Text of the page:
Atmosphere Coworking: All About The Vibes

Lately I’ve been avoiding coworking spaces and going mostly to coffee shops. The main reasoning for this was that I just needed to get work done and wasn’t feel the most social. My mood changes seasonally so you’ll likely find me at a coworking spot sooner or later. This time around I decided to pop in at Atmosphere. They’re a close knit, community oriented coworking space on the East side.

The appeal of Atmosphere based on their core values is all about the atmosphere. Surprising? They talk about how you can work productively in a comfortable and engaging environment. People know each other’s names, things that happen in each other’s lives etc. It’s less about what amenities and layout that they have (which are also great) and more about the type of interactions you have with one another. When you have a positive atmosphere, it eliminates stress that would take away from your productivity.

The Atmosphere

I spent some time working at Atmosphere to get a feel for the space. When talking to Trent (the founder), I learned more about the type of community and vibe there. They’re a perfect place for small teams who can establish a strong company culture. The space is conducive to sharing thoughts and communicating with other companies as well as private areas that allow teams to buckle down and work directly within their company.

I found the common area easy to work at since most people are hard at work. If you needed help with something it was decently easy to find someone to help you. The massive glass walls help take you away from the typical corporate feel which is exactly what Trent was looking for.

Who Should Cowork Here?

The space aims to provide an engaging, comfortable and productive work environment. They do this by providing a partly open space at the center, private offices/conference rooms and permanent desks upstairs. Trent took his time to find a space that was expansive and open with great light. He didn’t want a cookie cutter building and nicely put it as, “new ideas are formed in old buildings.”

There’s several coworking spots popping up on East side but likely still not enough to service the growing number of remote workers. Atmosphere is great for freelancers who are already close by and don’t have to worry about parking. There is a larger parking lot just a block away but it does tend to fill up quickly.

Regardless of this, you’re also across the street from Counter Culture (one of my favorite vegan places in town), down the way from Juan in a Million and not even a 5 minute walk to Blue Owl Brewing. With such a killer location, I know if I coworked there I’d be spending all my time–breakfast, lunch and happy hour–at these local eateries and brewery.

Reset’s Founders Discuss the Creative Community and Relationship Building

Originally posted at BlndedMedia

Coworking has more than made its mark in the world of innovation and technology. For founders, having the ability to collaborate with their team and others who are focusing on growing a successful business is valuable, as most would agree that in-person knowledge exchanges are priceless.

But coworking isn’t just for techies anymore. Creatives and entrepreneurs of all backgrounds find themselves attracted to coworking spaces due to the ability to meet other like-minded people, their future co-founders, and other potential team members. However, there are certain issues, such as a hefty price tag, that also comes with coworking.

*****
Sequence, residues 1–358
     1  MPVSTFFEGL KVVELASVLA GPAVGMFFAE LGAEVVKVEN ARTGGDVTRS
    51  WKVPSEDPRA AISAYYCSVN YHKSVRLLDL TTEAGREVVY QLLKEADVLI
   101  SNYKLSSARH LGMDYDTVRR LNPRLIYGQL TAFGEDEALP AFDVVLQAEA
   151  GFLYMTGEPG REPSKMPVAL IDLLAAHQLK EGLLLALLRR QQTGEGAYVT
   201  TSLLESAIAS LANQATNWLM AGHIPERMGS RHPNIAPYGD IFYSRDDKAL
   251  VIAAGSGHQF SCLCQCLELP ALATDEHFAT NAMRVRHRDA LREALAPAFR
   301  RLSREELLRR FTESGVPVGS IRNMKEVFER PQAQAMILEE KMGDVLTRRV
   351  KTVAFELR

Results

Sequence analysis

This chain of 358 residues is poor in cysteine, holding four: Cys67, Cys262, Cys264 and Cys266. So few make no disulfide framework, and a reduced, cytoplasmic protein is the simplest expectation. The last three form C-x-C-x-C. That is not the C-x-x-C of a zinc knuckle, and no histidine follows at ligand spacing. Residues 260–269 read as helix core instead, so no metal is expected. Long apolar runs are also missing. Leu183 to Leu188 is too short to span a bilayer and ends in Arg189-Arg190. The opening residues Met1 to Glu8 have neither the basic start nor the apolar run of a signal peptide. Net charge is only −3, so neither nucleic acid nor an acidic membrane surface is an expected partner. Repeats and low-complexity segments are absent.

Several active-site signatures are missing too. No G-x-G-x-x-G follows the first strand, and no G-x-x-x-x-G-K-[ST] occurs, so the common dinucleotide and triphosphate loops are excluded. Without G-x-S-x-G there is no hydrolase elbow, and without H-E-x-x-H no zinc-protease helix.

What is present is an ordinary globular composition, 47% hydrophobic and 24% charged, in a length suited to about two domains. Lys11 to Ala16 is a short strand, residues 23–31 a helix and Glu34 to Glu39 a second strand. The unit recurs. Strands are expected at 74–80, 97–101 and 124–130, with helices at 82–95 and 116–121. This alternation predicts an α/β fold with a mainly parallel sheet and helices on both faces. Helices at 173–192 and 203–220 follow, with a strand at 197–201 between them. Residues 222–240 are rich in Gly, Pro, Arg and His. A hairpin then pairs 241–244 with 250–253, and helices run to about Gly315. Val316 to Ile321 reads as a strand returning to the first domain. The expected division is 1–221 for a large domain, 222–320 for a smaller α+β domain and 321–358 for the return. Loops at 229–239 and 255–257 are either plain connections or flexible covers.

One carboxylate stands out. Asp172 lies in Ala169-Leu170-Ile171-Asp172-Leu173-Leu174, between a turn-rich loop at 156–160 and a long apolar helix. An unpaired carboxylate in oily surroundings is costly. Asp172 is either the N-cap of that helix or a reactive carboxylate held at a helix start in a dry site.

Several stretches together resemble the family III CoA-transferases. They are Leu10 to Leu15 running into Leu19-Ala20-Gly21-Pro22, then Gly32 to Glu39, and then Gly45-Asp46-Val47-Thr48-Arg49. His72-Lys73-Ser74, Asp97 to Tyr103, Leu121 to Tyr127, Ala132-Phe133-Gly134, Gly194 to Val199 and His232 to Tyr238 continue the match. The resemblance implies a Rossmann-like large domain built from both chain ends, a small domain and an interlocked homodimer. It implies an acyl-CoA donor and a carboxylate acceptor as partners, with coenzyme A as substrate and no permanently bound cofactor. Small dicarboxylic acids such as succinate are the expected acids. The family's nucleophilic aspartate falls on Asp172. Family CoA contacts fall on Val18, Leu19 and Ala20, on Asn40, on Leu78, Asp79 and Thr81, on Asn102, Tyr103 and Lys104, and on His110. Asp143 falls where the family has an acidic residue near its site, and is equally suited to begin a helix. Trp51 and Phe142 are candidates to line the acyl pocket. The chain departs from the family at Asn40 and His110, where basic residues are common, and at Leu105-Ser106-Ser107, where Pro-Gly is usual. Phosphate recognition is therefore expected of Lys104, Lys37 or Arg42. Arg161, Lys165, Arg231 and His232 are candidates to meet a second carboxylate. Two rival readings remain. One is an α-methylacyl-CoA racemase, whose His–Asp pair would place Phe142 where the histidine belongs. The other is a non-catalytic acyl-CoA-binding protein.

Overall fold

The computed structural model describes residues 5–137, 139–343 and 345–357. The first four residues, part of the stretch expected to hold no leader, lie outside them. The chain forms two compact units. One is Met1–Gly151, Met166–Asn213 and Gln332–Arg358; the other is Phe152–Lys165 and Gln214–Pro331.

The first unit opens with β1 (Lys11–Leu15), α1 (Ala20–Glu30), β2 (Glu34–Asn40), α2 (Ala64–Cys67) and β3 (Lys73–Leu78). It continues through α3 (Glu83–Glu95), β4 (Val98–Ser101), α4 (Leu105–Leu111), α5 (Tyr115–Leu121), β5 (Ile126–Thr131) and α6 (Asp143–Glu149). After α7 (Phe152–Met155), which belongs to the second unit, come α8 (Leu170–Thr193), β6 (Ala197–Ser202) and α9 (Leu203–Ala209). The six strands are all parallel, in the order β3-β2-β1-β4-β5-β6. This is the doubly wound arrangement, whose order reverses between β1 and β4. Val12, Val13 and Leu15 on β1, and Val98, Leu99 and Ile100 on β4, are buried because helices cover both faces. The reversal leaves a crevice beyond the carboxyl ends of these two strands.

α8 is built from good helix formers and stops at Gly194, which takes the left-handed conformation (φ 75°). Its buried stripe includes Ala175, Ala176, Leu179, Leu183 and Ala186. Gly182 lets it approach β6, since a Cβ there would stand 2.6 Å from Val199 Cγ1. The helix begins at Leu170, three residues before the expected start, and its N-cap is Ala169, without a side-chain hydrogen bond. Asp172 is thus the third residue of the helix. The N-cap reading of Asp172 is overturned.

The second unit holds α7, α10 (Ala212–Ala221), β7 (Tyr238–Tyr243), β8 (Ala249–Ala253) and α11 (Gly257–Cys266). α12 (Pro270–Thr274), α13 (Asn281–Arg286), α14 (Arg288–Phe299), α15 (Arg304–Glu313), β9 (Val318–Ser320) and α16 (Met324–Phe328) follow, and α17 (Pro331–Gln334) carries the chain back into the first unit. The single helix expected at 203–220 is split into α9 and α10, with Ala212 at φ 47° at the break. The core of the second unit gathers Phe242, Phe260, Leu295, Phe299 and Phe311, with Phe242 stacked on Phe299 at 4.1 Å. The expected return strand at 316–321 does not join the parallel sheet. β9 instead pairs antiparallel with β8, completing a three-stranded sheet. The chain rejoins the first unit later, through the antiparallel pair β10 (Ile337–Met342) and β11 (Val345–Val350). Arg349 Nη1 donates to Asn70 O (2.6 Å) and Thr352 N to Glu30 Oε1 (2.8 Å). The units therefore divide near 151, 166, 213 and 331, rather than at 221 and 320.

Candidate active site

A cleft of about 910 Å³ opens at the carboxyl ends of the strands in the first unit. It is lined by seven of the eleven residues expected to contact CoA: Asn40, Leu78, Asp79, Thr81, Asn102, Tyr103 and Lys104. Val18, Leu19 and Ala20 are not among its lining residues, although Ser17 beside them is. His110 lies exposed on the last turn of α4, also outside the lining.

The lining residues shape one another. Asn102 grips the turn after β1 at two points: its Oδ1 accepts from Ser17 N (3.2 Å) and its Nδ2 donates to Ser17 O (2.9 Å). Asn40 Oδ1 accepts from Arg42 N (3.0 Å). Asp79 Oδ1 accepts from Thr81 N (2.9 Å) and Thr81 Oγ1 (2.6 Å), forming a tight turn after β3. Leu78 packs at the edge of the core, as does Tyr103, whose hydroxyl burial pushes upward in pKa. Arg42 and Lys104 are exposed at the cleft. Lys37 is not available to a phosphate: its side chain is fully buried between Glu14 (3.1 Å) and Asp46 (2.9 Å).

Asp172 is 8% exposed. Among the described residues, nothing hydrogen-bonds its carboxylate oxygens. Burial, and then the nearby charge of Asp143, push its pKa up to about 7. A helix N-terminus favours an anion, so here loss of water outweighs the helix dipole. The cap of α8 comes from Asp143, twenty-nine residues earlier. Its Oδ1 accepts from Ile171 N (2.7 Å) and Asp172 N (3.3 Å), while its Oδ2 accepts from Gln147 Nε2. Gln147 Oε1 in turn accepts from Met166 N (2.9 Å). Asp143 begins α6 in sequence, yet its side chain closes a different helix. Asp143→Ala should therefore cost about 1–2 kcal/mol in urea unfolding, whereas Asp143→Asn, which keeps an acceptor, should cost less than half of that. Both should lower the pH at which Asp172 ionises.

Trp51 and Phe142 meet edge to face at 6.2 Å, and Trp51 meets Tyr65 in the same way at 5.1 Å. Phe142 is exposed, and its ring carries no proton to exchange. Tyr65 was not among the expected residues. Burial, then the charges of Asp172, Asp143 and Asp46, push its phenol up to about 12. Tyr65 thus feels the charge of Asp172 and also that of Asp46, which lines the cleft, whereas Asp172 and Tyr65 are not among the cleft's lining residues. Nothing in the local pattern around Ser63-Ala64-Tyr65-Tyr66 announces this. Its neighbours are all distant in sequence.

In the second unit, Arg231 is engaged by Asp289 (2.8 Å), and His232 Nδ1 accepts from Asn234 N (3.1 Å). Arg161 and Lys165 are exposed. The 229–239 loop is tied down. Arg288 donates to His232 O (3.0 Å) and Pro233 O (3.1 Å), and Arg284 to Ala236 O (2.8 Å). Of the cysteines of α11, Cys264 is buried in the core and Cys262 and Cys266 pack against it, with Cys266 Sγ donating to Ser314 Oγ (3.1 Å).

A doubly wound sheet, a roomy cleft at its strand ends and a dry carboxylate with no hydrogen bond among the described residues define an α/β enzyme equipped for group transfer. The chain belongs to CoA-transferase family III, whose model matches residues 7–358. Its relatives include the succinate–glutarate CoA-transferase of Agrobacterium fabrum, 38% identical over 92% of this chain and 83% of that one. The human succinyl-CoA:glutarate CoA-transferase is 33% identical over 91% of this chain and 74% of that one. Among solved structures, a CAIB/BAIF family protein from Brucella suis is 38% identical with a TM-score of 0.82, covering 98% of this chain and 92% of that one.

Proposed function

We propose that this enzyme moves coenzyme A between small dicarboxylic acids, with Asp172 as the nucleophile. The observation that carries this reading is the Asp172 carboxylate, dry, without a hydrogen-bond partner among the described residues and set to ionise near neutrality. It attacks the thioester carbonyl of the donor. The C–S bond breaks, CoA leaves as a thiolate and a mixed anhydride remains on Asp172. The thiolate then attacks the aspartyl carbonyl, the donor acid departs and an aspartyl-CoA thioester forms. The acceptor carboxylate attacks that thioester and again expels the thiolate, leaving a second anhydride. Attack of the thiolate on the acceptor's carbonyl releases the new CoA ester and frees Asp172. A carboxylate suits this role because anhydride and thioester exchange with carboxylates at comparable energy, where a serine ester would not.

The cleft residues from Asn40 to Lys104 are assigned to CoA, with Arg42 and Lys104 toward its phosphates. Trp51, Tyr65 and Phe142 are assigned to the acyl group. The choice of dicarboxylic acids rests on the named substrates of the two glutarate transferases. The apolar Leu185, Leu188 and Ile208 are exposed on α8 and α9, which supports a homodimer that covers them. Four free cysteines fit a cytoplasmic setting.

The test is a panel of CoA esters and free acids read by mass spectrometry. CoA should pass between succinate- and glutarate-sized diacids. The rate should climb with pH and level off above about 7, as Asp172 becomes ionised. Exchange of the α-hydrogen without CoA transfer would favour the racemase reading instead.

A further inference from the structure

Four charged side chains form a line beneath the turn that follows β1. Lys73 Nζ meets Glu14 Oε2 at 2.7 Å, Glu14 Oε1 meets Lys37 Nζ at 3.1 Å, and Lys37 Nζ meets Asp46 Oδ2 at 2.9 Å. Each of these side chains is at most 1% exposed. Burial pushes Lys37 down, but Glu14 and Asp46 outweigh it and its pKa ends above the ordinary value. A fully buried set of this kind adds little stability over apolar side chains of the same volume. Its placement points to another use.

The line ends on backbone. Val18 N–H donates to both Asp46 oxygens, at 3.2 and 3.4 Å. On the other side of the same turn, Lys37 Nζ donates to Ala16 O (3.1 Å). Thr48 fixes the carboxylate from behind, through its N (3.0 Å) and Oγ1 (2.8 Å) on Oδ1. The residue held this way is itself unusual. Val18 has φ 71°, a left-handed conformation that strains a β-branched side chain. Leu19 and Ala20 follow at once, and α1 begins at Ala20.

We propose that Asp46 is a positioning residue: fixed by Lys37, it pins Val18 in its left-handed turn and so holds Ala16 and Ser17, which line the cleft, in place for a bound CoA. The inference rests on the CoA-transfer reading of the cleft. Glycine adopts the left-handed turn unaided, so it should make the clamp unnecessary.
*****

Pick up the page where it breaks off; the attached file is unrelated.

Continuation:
With three locations in Austin including Nightcap on West Sixth, Tillery on East Cesar Chavez, L’Oca d’Oro in Mueller, and more on the way, Siri Chakka and Silva Gentchev, the founders of Reset, are working to make the experience of coworking affordable and comfortable for all.

BLNDED had the opportunity to speak with Chakka and Gentchev about how they launched the company, the challenges they’ve faced along the way, and how they look forward to growing their community in Austin and beyond.

Reset’s mission is to empower people to do their best work as freelancers, entrepreneurs, work-from-homers or restaurateurs. The idea was born when Chakka and Gentchev were having dinner at a beautiful restaurant in East Austin, lamenting about the fact there was no affordable, reliable, and social place to work in Austin and why they couldn’t work in a beautiful location such as the restaurant they were in. They decided to test their affordability theory by interviewing over 50 remote workers.

The duo quickly learned this was a widespread problem and decided to interview restaurateurs. After learning more about ever-rising rent costs, labor costs and other problems that plagued the local, independent restaurant industry, they decided to launch Reset.

While almost 50% of Americans work from home in some capacity, only a handful of places to work are available, so it can be a struggle to find a place to be productive. For those priced out the of the traditional co-working market ($300+/month for a floating desk), there is no affordable, reliable, and social solution available in Austin.

The US is also seeing a bursting of the restaurant bubble. 60% of restaurants go under in their first year, with the rate being even higher for local, independent restaurants. A restaurant’s two largest costs are rent and labor, both of which are on the rise in most major US cities, while revenue remains stagnant as consumers are not willing to spend more for food.

Reset solves two problems with one solution. By eliminating lease and build out costs, Reset creates coworking solutions that cost half the amount of traditional coworking, while also providing a passive stream of income to their restaurant partners.

Although both founders have successful and failed startups, they each continue to learn lessons as they grow Reset.  Chakka is originally from Chicago, where she studied engineering and practiced management consulting prior to moving to Austin to attend The University of Texas at Austin’s McCombs School of Business. She dabbled in product management at Amazon, was the Chief Strategy Officer for the B2B SaaS startup gameFI, and now consults for Private Equity firms on pre-M&A due diligence and post-M&A operational improvements.